Christmas in Italy comes to life through wondrous nativity scenes

Christmas in Italy comes to life through wondrous nativity scenes

by Karen Bradbury
Stripes Europe

As the nation with the largest number of Catholics in Europe, it’s perhaps no small wonder that many Christmas customs in Italy proudly display their ties to the dominant religion. When the holiday season rolls around, visitors to Italy are apt to notice the proliferation of nativity scenes, not only in churchyards but in shop windows, parks, squares and other public spaces. The "presepe" or "presipio tradition" in Italy has deep roots, and as Christmas draws near, a stop to admire the artistry and creativity behind these displays is something even those not particularly religious can enjoy. Here are some ways in which these centuries-old customs live on and places to go to see them firsthand.

Living nativity scenes: The name of St. Francis of Assisi is bound to ring familiar, even to those not raised in the Catholic faith. One of the two patron saints of Italy (the other is Catherine of Siena), the second half of the saint’s name relates to the Umbrian hill town in which he was born at the end of the 12th century. The Catholic friar who turned his back on wealth to live a life of poverty was known for his respect for nature and love of animals. In 1223, in order to illustrate the story of Christ’s birth into the humblest of circumstances, Francis staged a simple nativity scene. "Presepi viventi," the name for the tradition of bringing the story of Christ’s birth to life with human actors and live animals, took off and spread well beyond the country’s borders.

The village of Greccio, in the province of Rieti and the region of Lazio, is the site of the first-ever living nativity scene. While passing through the area, Francis had been struck by the resemblance of the local terrain to the scenery he had observed during his travels to Bethlehem. Francis sought and received permission from the pope at the time, Pope Honorious III, to set up a simple manger scene. Through the years, the reenactment grew in size and scope, and it’s a tradition that is played out today as well.

The Sanctuary of Greccio is an extensive architectural ensemble perched high upon a rocky ledge offering commanding views of the surrounding countryside. The heart of the sanctuary is a chapel adorned with frescoes depicting St. Francis kneeling in adoration at Mary and the Christ child. Greccio, located some 60 miles north of Rome, is also home to a Nativity Museum. According to this online program, reenactments of the Nativity scene are scheduled for Dec. 24, 26 and 28, as well as Jan. 1, 2, 6 and 8 in 2022. Other towns that are famous for their living nativity scenes include Custonaci in Sicily and the caves of Matera in southern Italy.

Nativity scenes for sale in Naples: In the very heart of the chaos that is Naples’ historical city center is found a street by the name of Via San Gregorio Armeno. The cavernous, pedestrian-only road is lined on both sides with dozens of shops offering both traditional nativity scenes and those with a distinctly Italian twist. While it’s possible to adhere to tradition and populate one’s own nativity scene with the shepherds, wise men and the Holy Family, many Italian families opt for more contemporary characters and backdrops. Politicians, entertainers of the moment and soccer players make themselves at home for the holidays in miniature reproductions of cafes, pizzerias, living rooms or market stalls. Keep an eye out for Pulcinella, the famous masked character who has come to represent Neapolitan culture, or the peculiar red horn amulets known as "curnicielli," believed to protect the wearer from bad luck. While Via San Gregorio Armeno understandably heaves with visitors during the holiday season, the shops remain open and their unique wares are available throughout the year.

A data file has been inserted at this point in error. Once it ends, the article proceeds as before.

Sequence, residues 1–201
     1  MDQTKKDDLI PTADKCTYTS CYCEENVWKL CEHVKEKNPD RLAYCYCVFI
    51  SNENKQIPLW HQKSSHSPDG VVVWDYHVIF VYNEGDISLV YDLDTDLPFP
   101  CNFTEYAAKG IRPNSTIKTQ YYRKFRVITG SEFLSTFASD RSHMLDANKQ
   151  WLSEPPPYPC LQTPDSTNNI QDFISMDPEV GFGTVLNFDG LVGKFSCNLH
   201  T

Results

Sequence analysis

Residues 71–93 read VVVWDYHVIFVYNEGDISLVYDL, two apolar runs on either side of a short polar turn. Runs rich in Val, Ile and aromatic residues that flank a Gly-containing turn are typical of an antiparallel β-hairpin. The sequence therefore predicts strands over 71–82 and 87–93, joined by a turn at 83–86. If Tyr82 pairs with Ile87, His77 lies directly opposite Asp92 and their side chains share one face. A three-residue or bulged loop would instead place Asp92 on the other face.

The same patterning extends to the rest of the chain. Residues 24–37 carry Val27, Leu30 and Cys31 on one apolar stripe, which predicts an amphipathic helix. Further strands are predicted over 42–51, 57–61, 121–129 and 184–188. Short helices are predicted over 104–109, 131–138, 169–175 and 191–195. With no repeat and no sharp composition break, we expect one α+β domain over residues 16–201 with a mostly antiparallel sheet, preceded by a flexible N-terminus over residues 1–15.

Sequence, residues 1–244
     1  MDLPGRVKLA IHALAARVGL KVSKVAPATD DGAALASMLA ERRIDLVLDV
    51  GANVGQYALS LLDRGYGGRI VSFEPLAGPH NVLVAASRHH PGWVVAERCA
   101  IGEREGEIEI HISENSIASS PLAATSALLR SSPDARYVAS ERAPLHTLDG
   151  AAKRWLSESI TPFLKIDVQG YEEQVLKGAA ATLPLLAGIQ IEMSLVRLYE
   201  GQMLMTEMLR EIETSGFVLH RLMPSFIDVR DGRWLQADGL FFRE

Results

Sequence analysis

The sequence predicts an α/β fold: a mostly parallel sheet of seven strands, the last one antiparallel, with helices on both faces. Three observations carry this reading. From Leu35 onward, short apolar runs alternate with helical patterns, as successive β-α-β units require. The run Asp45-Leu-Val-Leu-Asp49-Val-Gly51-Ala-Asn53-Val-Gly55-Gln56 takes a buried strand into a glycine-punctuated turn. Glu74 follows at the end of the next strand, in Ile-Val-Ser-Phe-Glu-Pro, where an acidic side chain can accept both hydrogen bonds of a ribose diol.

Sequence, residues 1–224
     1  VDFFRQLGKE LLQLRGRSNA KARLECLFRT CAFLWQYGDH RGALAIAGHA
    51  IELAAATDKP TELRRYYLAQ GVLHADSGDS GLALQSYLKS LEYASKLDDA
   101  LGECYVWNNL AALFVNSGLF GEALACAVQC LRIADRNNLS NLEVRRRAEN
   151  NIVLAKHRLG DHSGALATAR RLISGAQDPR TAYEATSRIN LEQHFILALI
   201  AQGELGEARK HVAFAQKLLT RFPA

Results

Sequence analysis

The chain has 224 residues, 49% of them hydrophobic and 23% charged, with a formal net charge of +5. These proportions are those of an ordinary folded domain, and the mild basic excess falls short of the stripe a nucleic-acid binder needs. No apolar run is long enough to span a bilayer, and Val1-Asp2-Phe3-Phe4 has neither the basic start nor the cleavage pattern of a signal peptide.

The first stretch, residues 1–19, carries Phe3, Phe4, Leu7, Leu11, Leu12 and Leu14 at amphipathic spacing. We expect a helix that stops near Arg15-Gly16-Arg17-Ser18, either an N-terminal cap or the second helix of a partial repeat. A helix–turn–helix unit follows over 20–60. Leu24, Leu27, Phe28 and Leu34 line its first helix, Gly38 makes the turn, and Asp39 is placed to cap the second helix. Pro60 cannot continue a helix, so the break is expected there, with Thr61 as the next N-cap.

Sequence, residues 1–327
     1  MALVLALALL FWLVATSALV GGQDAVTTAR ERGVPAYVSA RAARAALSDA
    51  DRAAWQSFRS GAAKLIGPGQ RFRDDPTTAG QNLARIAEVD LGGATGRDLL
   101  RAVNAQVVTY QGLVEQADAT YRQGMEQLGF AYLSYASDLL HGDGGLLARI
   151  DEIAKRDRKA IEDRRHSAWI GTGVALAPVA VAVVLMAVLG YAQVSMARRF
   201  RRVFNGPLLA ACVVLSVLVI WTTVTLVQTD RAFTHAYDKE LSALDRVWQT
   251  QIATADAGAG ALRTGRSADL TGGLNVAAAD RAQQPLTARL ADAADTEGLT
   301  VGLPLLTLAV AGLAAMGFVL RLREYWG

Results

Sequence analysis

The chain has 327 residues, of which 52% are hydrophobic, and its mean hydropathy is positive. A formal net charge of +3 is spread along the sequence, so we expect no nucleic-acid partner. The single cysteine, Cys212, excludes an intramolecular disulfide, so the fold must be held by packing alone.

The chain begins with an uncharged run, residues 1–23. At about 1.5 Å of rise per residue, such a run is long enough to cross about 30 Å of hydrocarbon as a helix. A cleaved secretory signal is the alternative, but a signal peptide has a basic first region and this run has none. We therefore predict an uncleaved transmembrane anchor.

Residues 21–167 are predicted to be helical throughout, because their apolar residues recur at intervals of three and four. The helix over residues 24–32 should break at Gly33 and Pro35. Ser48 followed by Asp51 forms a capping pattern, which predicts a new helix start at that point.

Nativity scenes in Verona’s arena: For the past 40 years, nativity scenes have been set up in one of Verona’s most famous landmarks, its 2,000-year-old Roman amphitheater. The sculptures, carvings, and oversize constructions are brought in from museums and private collections around the world. The annual display typically includes some 400 nativity scenes. Lighting, soundtracks and special effects help to show off the exhibits to full effect. The exhibition runs from 9 a.m. to 8 p.m. on most days through Jan. 23, 2022. Tickets are available online and cost 8 euros for adults and 5 euros for school-age children. Youngsters age five and under enter for free. Learn more at presepiarenaverona.it.

Nativity scenes in Friuli Venezia Giulia: Italy’s northeast region bordering Austria, Slovenia and the Adriatic Sea offers some wonderfully diverse territory, from Alpine peaks to sandy shores. The some 4,000 nativity scenes that pop up there between November and January add joy and holiday spirit to the spaces they inhabit. To promote exploration of these sacred scenes, local tourism authorities have created a series of proposed itineraries known as "Giro Presepi." In 2020, the Piancavallo and Dolomite Fruilane itinerary, which passed through Aviano, included the nativity scene set up at Corte Marchi, near the cathedral square, as well as those inside the San Zenone Church and the Church of Santa Maria and Giuliana in the Castello D’Aviano. Among the recommendations for 2021 are found a talking nativity scene for children in Trieste and the floating nativity scene at Monfalcone, in which baby Jesus arrives by sea. For this year’s suggested itineraries, see presepifvg.it.

 

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